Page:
Monday, 24 October 2016

Review: Just a Minor Malfunction, Issue #1


With the second issue due out very soon, I jumped at the opportunity to get my hands on a free copy. The only catch was if I liked it, to consider purchasing the second issue here. (I have!) I've been reading more short story/novella collections lately. I love the variety of writing styles, scope of settings and shades of tone and science fiction and fantasy provides a grand realm from which to build a story.

Issue #1 is worth dipping in to. The collection is well put together and makes each story stand out as strong and unique even when combined in a single issue with many others. I prefer my science fiction leaning toward darker tales (like the dark of space, I suppose) and Just a Minor Malfunction satisfies my craving for science and tech that doesn't think like we do and twists of endings that feel like something irretrievable and floating just beyond my reach.

My favourite tale in this issue is In the Cloud by Simon Guy. Years ago (err, decades) I learned about point of view in fiction and the POV we paid the least attention to was the second person. It was dismissed as cold, clunky and bossy and the teacher didn't have any more to say about it because, as she put it, we'd never run in to an writer silly enough to make a work like that public. With In the Cloud, that teacher has very elegantly been proven wrong. This short story is written as a young man to his mother as he explores his relationship with her and his grandfather in a way I can only describe as warm, intimate and appropriately blunt as we sometimes have to be to those we love. In the Cloud also feels chilling in the closeness of the relationships when juxtaposed against the severe distance caused by the technology of the cloud.

My second favourite is A Man in the Moon by R.C. Larlham. It speaks eloquently about PTSD, isolation and the single minded struggle for relief for those who live with chronic pain.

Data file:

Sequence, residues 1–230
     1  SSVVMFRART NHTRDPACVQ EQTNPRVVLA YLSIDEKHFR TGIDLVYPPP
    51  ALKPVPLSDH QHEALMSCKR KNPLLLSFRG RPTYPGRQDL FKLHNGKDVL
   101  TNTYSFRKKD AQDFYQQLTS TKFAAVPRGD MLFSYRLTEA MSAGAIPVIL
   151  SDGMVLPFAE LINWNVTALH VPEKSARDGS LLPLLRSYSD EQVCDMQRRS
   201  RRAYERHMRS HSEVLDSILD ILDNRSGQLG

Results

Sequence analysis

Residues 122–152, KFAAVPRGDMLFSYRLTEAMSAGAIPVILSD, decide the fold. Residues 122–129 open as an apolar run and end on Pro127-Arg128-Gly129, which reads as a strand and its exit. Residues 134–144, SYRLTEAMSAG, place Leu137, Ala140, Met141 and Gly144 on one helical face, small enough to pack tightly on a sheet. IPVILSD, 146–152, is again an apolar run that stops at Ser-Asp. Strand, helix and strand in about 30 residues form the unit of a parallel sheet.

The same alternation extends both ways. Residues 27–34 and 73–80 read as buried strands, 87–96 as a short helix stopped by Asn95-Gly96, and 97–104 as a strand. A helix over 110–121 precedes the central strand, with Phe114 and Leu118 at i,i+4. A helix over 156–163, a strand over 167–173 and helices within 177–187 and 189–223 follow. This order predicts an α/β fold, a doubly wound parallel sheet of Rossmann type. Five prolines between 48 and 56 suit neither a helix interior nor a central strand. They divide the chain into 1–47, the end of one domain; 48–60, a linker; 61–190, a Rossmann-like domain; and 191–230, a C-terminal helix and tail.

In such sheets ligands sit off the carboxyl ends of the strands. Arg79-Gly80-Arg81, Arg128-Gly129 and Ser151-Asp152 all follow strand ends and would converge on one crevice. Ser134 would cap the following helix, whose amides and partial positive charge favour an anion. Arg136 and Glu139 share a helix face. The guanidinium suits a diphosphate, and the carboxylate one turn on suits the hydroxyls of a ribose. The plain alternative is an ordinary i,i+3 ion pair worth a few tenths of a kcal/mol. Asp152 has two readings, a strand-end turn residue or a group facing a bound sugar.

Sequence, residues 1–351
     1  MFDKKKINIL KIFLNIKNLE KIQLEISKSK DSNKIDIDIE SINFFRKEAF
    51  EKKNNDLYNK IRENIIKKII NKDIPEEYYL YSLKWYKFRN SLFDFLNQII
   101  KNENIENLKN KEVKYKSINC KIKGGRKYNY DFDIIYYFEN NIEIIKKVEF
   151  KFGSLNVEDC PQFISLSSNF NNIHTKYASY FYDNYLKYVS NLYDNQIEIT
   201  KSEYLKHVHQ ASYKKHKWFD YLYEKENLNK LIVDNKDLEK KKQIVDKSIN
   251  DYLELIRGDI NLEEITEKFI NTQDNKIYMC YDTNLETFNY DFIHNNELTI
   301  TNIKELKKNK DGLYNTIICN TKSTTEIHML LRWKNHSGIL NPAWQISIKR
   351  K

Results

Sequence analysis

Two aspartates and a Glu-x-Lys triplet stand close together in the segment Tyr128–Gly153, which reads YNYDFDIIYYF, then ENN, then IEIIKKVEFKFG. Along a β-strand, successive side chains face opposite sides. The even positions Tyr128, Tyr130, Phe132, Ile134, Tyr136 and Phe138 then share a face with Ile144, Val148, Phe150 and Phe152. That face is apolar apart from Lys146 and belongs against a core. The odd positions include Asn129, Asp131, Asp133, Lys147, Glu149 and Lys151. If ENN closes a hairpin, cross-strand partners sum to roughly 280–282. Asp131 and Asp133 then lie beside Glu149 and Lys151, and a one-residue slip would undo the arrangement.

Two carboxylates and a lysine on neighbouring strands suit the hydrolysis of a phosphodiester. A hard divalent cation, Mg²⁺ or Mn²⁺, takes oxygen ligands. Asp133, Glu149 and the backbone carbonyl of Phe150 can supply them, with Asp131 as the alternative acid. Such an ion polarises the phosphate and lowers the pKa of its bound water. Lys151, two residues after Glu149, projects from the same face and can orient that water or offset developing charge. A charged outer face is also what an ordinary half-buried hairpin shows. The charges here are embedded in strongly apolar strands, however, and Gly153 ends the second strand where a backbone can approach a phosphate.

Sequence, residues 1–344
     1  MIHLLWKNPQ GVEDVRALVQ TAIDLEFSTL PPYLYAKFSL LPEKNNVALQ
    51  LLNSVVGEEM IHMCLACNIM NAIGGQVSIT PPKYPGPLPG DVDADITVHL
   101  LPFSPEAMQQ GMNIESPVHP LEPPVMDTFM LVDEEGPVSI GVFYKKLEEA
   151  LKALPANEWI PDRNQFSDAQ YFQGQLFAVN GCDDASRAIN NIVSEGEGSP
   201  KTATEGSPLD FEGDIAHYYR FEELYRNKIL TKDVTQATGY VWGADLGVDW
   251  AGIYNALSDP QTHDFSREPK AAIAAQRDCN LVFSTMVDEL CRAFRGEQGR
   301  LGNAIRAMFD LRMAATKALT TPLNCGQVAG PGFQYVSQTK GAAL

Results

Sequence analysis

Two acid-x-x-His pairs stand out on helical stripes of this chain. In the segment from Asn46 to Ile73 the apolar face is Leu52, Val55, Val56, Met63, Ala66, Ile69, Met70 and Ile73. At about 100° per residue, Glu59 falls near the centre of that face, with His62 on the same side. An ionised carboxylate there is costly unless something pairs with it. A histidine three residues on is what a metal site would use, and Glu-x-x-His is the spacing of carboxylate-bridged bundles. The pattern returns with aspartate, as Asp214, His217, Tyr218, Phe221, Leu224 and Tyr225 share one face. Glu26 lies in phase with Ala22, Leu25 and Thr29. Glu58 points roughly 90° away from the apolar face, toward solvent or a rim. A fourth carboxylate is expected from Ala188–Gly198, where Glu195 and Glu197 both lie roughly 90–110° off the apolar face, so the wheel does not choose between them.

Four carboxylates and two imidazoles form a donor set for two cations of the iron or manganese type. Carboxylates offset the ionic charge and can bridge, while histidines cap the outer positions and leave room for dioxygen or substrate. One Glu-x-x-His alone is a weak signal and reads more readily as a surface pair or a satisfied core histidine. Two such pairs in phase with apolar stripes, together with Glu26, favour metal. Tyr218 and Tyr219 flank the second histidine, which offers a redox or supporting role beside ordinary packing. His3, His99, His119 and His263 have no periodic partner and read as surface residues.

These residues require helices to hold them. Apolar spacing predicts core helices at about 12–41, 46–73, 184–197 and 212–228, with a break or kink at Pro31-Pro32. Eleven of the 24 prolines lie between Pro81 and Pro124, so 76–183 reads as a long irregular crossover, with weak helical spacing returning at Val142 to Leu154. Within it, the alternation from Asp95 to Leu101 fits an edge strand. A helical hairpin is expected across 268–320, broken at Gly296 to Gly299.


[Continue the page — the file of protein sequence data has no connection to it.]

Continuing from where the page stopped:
I definitely recommend taking Issue #1 for a spin. Did I mention you can get Issue #2 here?

You should.

Monday, 17 October 2016

Review: The Invisible City by Brian K. Lowe

Tracking German soldiers through the muddy trenches of WWI France, Captain Charles Clee stumbles onto a secret archeological expedition from the far future. Discovered and trapped, he flees through their time machine and finds himself stranded nearly one million years in the future. Pursued by the merciless assassins of the Time Police, Clee faces war, slavery, and fantastic beasts in a race against time itself to reach the Invisible City. 


The Invisible City is the first book in Brian K. Lowe's Stolen Futures trilogy. 

Lowe uses consistent and strong first person narration to tell Captain Clee's story as he inadvertently travels years into the future. I loved the way the story reads like "classic" science fiction. Clee observes and describes the tech he comes across in a way I find believable for someone living at the time of WWI. He also laces his narration with humour and sarcasm which I found made this story truly his.

The Invisible City drives us through a roving adventure covering the land and sky a million years in the future. I enjoyed Clee's low-tech observations of the high-tech facing him. Definitely recommended for fans of SF classics and readers of SF in general. Moving on to book two, The Secret City.

I received my copy from Netgalley in exchange for my honest review.